So, it sounds to me like we do need a special flag for "zero or more" breakpoint locations for tests which don't care about this behavior such as this one. Maybe num_expected_locations=-2 (I think we should leave "0" meaning "exactly zero", as that can be useful in some situations). In fact I know of at least one other test that could use something like this (I've had to disable some tests in TestLoadUnload on linux because the out-of-tree build caused the automatic library lookup to not work).

Of course being able to resolve DLL dependencies statically like other platforms would be nice, but that's quite orthogonal to this what this test is doing. (Here the purpose is to check that we set the breakpoint early enough -- before the global constructor executes).

This revision now requires changes to proceed.Feb 17 2018, 4:36 AM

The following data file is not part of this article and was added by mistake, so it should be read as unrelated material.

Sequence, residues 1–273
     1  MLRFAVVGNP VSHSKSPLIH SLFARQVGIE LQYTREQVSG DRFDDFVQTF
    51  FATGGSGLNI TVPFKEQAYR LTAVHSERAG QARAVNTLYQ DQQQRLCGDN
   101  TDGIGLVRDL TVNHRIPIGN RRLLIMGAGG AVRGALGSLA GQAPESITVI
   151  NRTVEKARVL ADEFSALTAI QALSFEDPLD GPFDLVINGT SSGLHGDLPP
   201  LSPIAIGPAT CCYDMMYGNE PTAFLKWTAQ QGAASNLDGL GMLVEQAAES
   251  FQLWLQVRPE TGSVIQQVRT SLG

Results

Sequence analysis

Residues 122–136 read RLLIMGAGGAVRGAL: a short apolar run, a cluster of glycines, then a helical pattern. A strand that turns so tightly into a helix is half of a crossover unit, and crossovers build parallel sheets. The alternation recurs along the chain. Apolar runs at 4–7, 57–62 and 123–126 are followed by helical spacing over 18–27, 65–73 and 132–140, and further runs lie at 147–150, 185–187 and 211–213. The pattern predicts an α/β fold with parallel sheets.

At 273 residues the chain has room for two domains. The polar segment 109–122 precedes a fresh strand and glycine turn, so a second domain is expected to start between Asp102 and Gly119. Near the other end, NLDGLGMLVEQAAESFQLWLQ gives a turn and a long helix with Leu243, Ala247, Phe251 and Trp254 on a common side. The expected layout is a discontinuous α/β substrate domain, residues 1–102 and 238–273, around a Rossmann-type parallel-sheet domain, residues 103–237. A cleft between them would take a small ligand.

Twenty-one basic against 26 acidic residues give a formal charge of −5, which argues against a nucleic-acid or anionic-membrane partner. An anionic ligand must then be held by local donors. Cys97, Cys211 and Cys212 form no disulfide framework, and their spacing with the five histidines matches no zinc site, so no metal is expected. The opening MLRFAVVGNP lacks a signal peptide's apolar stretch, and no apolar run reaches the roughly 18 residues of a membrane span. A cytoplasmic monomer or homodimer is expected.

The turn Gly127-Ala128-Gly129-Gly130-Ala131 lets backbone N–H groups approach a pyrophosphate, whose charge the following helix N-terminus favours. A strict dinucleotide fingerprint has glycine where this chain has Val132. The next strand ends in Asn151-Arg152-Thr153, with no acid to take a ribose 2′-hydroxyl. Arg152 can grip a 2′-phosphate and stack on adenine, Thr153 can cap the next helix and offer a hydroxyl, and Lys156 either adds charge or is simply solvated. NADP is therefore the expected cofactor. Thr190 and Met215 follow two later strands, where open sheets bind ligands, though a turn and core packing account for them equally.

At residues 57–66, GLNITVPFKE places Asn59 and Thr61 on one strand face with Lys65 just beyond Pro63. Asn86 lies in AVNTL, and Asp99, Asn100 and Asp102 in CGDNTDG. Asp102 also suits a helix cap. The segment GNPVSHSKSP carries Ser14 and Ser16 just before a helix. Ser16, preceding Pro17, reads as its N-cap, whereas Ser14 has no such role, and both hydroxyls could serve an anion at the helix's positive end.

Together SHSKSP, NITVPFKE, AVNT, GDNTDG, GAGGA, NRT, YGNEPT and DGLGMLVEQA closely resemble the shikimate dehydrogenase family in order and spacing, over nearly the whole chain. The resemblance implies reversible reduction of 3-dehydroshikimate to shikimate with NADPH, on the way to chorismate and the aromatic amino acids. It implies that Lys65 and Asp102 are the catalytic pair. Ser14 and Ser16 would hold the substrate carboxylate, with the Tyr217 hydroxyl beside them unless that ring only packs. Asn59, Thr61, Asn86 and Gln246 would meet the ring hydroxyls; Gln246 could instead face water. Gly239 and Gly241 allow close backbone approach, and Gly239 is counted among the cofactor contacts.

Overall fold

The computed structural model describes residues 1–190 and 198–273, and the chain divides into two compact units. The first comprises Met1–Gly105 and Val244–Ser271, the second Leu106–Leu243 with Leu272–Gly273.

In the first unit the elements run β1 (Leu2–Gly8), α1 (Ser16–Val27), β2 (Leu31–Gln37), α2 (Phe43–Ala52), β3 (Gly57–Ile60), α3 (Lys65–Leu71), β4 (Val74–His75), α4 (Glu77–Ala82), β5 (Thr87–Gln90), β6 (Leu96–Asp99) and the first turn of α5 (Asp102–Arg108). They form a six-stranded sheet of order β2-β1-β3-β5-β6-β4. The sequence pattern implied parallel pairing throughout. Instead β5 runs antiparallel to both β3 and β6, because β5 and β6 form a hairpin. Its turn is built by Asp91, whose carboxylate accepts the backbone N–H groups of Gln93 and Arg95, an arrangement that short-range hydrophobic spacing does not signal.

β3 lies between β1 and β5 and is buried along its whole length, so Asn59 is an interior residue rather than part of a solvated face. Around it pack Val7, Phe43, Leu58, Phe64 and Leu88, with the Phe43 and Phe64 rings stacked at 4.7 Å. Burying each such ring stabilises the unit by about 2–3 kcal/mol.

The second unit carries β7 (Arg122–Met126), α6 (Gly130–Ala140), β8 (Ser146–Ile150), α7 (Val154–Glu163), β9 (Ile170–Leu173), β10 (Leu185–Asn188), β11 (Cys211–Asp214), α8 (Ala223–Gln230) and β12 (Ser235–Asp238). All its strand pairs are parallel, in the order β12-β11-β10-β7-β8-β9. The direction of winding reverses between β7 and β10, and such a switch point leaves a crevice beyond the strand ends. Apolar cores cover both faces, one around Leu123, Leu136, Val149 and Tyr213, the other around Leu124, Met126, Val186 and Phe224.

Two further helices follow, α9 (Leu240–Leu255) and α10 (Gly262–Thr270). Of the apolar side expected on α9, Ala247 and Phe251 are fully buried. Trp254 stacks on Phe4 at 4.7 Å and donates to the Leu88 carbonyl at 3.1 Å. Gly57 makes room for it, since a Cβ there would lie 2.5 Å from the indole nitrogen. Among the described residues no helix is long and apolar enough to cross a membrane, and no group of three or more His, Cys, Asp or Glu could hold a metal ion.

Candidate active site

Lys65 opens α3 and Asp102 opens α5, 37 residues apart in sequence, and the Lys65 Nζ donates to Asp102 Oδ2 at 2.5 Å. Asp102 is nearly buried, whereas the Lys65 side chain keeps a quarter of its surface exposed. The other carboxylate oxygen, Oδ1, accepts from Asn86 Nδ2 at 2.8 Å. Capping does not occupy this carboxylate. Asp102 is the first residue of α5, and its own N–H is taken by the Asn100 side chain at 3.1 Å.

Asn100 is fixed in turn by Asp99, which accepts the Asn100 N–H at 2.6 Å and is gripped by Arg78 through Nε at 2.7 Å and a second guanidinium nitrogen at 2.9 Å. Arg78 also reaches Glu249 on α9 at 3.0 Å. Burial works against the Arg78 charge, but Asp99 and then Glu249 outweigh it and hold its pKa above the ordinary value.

I have reservations about making the debugger try to pre-locate the modules and their PDBs before those modules are actually loaded. For a few reasons.

(1) On Windows, module resolution is complex. Search paths, the safe search path, manifests, the side-by-side cache, dynamic library link redirection (.exe.local), Windows API sets, etc. It got to the point that Microsoft dropped support for the venerable DependencyWalker tool (though there is an open source community trying to keep it alive). That's a lot of logic to bake into the debugger (and to create tests for), and the cost of getting it wrong is that we think your breakpoint will resolve when actually it won't.

(2) A typical program depends directly and indirectly on many DLLs. Even with lazy-evaluation, trying to apply all the rules in 1 (which must be done serially) to locate all of the dependents seems like a lot of unnecessary work on startup.

(3) It's different than how all the debuggers on Windows work, which might be mildly surprising to users.

If there's a strong will to head down this path, I think that'll be a separate effort than my getting this test working again in the short term. So I think I'll do something less invasive along the lines of Pavel's suggestion to get this test working. Stay tuned.